Belgium’s Challenge to War’s Ancient Calculus

For millennia, the stark calculus of war, eloquently expressed by Thucydides, has held that “the strong do as they will, while the weak suffer as they must.” As the world tensely awaits the start of a US-led war on Iraq, an unexpected challenge to this ancient adage emerged in Belgium last week, offering a reminder of the important — though neglected — role of international humanitarian law for resolving conflicts and punishing war crimes non-violently.

On Wednesday, Belgium’s Supreme Court overturned an earlier lower appeals court ruling that a war crimes case lodged against Israeli Prime Minister Ariel Sharon and other Israelis and Lebanese could not go forward because the accused “were not present on Belgian soil.” That ruling, rendered last June, had cast into doubt the viability and future of Belgium’s universal jurisdiction laws of 1993 and 1999, thus hindering popular struggles to bring a number of war criminals before the bar of justice in Brussels.

In 1993, the Belgian legislature formally incorporated the principle of Universal Jurisdiction for war crimes and crimes against humanity, encoded in the Geneva Conventions and the International Convention against Torture, into its criminal code. In 1999, this law was expanded to include the crime of genocide. Belgian courts are thus empowered to hear cases of war crimes, crimes against humanity, and genocide regardless of where the crimes were committed or the nationalities of the victims and perpetrators.

The first successful trial in Belgium under this law saw four Rwandans tried and sentenced in Brussels for their role in the 1994 genocide of Tutsis. Since the newly established International Criminal Court lacks jurisdiction over war crimes committed prior to July 1, 2002, the Belgian courts provide a much-needed venue for addressing cases of impunity that have festered for decades, poisoning hearts and minds and fueling new rounds of vengeance and suffering. In the context of the Bush Administration’s decision to pull out of the Rome Treaty establishing an International Criminal Court, the June 2002 Belgian appeals court’s unexpected decision in the case against Sharon and others delivered a body blow to a growing but diffuse international campaign against impunity for war crimes and crimes against humanity.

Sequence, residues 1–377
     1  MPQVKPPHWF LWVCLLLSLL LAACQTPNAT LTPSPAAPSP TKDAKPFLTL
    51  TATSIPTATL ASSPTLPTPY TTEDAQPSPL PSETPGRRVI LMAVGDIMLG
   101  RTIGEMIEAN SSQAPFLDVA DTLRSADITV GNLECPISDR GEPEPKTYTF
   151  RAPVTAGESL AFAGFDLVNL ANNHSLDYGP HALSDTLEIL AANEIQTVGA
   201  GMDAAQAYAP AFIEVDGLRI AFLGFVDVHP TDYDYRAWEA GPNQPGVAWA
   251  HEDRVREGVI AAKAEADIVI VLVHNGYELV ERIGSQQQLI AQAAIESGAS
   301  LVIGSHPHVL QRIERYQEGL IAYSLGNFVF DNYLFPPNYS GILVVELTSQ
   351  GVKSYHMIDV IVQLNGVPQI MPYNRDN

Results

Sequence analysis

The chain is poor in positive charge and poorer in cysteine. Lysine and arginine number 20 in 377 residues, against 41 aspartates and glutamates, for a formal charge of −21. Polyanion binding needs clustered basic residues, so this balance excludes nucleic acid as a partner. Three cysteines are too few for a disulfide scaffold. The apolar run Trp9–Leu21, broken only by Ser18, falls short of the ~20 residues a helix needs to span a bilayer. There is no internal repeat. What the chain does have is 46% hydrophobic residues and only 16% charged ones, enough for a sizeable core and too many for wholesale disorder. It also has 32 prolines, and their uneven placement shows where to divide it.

A key principle of the international campaign against impunity is “one yardstick for human rights.” Attempts to hold war criminals accountable multiplied after Spain requested the extradition of former Chilean dictator General Augusto Pinochet in 1998. Since then, the impunity of other infamous human rights violators —Hissein Habre of Chad, and Saddam Hussein and his associates—has been challenged or proposed to be challenged in various judicial venues, most notably Belgium.

The most high-profile case yet to be brought before the Belgian courts was the complaint lodged in June 2001 by 23 survivors of the 1982 Sabra and Shatila massacre against Ariel Sharon, then-Israel’s minister of defense, and other Israelis and Lebanese. The complaint charged Sharon with ultimate responsibility for the massacres of up to 2,500 civilians (for which no one has ever stood trial), based on the legal principle of Command Responsibility. As General of the Israeli Defense Forces (IDF), which had occupied Beirut that summer of 1982, Sharon is culpable, under the Geneva Conventions, for any harm that befell civilians in areas occupied by the IDF. The Kahan Commission, an Israeli commission of inquiry, investigated the IDF’s role in the massacres in 1983 and concluded that Sharon was “personally and indirectly responsible” for the killings.

A 14 February 2002 ruling by the International Court of Justice at The Hague grants temporary immunity from prosecution to heads of states and foreign ministers, so Prime Minister Sharon cannot be brought before the bar of justice as long as he remains in office. But last week’s ruling by Belgium’s highest court paved the way for the opening of legal proceedings against Amos Yaron, Amir Drori, Rafael (“Raful”) Eitan, along with other Israeli military officers and Lebanese militia leaders for their roles in the massacres and the associated disappearances of hundreds of Palestinian men and boys, whose whereabouts remain unknown.

After nearly two years of reversals of fortune and near-death moments, the landmark case lodged by survivors of the Sabra and Shatila massacres was resurrected and revitalized last Wenesday, offering renewed hope to human rights activists and victims of state crimes throughout the world and posing challenges to those who have enjoyed impunity for far too long. The case represents an instructive example of the aims and workings of international justice; it also offers moving testimony to the power of average people to comprehend and use international humanitarian law to rectify wrongs.

This lesson will be especially welcomed at a time when democratic political processes and frameworks of justice are endangered — nationally and internationally — by the US government’s rush to launch a dangerous war of dubious legality.

Dr. Laurie King-Irani is North American Coordinator of the International Campaign for Justice for the Victims of Sabra and Shatila (